Jishnu Pronoy’s Case – A tale of failed strategy by the State of Kerala

It seems that the State Government has fallen into the trap laid down by the accused and his lawyers. From the date on which the victim Jishnu Pronoy, a student of the Nehru College of Engineering, Thrissur, Kerala, had committed suicide, nothing has gone in favour of the investigating agency.

Though the First Information Report and the Inquests conducted by the then investigating officer had suggested it only as a suicide, subsequently due to the media influence and the public outcry as well as the students’ agitation a new investigating team was setup and case under Section 306 was added as against the Chairman of the college and many staff were included in the list of accused.

In the mean time, other similar cases were also reported to the investigating agency, which was condemned by the High Court while considering the application for anticipatory bail. It was also observed by the Court that, why crime was not being registered when such cases are reported. Thus indicating the falsity of such allegations or revealing the lethargy of the police in preventing a crime. Then the investigating agency was thus forced to register a crime in which, Shaheer Shoukath, a law student, was the victim, who had already left the college while the investigating agency got the Section 164 statement of the Principal recorded at a very belated stage .

The investigating agency, while so, also took the aid of a Special Public Prosecutor, C. P. Udyaybhanu, who also failed in guiding the investigating agency to the right track. Udyaybhanu himself is now an accused in a murder case and is undergoing custody while his bail applications are being considered by the Courts of Law. There after we also saw the bail applications of the accused being allowed by the High Court at which point of time it was the turn of the media and the investigating agency to openly accuse the Judge who granted Bail, on grounds of personal bias. Such attempts also failed. The case also found the office of the Director General of Prosecutions fighting with the Special Public Prosecutor, and ultimately question the legality of appointments of Special Public Prosecutor during invention stage. The High Court had criticized the way in which the crime was being investigated by the Police as well the Prosecution. It was the case of the accused that the investigation was unfair and that the agency need to be changed from the very filing of the bail application.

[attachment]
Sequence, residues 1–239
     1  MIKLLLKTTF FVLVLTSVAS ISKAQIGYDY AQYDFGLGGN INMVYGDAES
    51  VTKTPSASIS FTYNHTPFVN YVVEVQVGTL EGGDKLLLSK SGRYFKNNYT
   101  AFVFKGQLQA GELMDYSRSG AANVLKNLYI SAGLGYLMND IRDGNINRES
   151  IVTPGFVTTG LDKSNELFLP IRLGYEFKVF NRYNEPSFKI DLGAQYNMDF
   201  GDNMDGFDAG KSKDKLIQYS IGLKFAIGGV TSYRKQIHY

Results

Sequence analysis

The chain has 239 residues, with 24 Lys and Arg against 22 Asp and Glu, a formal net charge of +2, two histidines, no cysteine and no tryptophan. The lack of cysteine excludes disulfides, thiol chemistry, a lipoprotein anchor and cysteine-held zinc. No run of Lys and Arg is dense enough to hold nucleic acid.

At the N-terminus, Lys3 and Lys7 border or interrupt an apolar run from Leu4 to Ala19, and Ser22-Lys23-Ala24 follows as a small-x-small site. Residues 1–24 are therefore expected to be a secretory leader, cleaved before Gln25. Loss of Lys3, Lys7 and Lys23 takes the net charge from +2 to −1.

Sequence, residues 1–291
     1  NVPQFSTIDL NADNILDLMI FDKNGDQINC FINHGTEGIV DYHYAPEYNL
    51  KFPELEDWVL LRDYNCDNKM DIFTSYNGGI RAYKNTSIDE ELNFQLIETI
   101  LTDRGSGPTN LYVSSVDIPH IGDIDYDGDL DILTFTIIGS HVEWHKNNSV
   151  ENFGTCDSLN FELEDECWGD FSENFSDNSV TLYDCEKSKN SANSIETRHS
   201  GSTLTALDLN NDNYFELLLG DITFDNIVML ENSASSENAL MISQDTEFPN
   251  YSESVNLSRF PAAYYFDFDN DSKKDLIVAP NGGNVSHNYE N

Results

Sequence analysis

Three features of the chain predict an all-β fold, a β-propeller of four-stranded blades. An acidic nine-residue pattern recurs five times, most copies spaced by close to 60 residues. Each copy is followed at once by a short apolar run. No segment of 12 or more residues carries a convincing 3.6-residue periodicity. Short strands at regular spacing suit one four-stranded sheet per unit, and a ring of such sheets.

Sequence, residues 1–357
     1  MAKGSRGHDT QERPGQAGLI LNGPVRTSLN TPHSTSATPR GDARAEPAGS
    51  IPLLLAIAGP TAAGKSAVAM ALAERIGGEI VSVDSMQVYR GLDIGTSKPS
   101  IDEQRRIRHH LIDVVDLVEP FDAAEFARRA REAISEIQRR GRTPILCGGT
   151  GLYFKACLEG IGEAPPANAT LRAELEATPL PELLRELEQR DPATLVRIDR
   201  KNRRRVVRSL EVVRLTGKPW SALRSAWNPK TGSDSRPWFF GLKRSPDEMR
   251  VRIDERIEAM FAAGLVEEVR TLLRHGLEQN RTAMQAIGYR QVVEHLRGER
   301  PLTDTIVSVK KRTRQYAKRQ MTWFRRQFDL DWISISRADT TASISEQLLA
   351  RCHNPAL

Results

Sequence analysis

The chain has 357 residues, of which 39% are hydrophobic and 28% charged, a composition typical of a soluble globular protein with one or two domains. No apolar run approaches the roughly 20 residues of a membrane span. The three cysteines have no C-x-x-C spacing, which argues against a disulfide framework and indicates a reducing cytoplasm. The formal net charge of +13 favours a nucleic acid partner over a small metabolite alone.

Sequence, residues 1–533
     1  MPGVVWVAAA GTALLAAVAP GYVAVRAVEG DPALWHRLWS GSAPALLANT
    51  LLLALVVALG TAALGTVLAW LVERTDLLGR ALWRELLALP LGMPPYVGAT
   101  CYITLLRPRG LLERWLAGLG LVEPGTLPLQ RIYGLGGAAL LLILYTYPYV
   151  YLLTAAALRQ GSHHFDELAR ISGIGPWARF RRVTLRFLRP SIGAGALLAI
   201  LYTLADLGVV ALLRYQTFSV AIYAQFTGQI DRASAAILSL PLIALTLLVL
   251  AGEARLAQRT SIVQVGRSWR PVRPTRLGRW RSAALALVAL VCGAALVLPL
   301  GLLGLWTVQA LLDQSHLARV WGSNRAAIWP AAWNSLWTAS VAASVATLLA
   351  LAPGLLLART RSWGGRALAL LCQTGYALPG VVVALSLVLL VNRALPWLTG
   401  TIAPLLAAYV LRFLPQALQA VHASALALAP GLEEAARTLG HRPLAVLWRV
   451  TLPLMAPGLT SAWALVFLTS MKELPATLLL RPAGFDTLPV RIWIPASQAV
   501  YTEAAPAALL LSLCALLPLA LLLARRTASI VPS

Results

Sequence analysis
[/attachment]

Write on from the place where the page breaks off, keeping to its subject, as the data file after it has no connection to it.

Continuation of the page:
After the bail applications were allowed, the matters were taken up to the Supreme Court challenging the grant of the bail orders. The challenge as against the bail granted to the Chairman, Krishnadas was dismissed at the threshold itself as far as Jishnu Pronoy case was concerned. What unfolded there after was even worse. The victim’s mother and relatives conducted demonstration at the office of the Police Head Quarters resulting in the arrest of some demonstrators and the State Government succumbing to the demand of the CBI Investigation and a notification was issued requesting the CBI to take up the case.

The matter when it reached the Supreme Court, the Court enquired whether the CBI was ready to take up the investigation. The CBI respondent initially by submitting that the instant case is not one which requires the CBI to investigate and that they are stuck with work load. The Supreme Court being upset with the way in which the investigation was conducted by the State, again requested the CBI to reconsider the request of the State Government.

The Counsel appearing for the State had to concede their investigation was bad and it would be better to have an independent investigating agency. In the mean time, the victim’s Mother Mahija also applied through Advocate Jaimon Andrews for directions to the CBI to investigate the case. The CBI later on 5th December, 2017, came up with a proposal that they would investigate the case in so far as Jishnu Pronoy’s suicide is concerned and the State was thus relieved from the matter. It could only be considered as a failure of the investigating agency of the State of Kerala where it could not satisfy both the victim and the accused. Due to the manipulations committed by the investigating agency under the guidance of the then Special Public Prosecutor, it had to ultimately fall in to the trap laid down by the accused who could not have otherwise asked for the investigation by an independent agency at this stage of the case.

Read Supreme Court Order directing the CBI to take up the case:

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